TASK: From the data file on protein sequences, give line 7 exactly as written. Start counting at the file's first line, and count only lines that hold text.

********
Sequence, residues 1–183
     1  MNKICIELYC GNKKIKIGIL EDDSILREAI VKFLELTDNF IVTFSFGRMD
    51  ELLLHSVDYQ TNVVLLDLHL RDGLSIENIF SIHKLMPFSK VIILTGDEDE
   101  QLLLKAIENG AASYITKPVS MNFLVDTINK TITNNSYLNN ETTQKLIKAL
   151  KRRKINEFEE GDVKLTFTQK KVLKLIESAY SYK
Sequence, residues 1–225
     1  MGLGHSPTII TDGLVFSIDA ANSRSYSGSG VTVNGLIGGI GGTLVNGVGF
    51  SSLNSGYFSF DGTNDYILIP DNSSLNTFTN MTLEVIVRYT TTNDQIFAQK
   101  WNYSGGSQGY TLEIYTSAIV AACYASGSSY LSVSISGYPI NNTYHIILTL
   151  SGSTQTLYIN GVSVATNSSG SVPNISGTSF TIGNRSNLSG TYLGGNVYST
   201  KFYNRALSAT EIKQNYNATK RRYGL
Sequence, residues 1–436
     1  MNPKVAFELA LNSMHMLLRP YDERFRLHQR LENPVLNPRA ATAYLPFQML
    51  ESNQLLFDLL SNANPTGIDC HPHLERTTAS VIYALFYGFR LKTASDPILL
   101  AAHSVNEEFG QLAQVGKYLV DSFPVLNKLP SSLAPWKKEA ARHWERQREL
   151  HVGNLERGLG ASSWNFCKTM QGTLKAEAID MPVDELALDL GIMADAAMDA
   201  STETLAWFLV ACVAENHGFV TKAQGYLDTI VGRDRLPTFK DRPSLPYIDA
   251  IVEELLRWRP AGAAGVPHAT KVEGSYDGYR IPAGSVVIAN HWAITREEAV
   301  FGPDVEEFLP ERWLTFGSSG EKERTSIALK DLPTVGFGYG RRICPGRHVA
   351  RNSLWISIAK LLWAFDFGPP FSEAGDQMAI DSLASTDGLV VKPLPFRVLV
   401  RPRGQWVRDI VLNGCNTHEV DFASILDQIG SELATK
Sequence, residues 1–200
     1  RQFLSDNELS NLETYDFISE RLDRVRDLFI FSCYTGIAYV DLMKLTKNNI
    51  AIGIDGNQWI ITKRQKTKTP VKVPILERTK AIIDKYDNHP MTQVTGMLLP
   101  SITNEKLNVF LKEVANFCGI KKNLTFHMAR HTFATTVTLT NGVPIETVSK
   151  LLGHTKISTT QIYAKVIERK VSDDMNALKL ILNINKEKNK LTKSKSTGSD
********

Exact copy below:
     1  MGLGHSPTII TDGLVFSIDA ANSRSYSGSG VTVNGLIGGI GGTLVNGVGF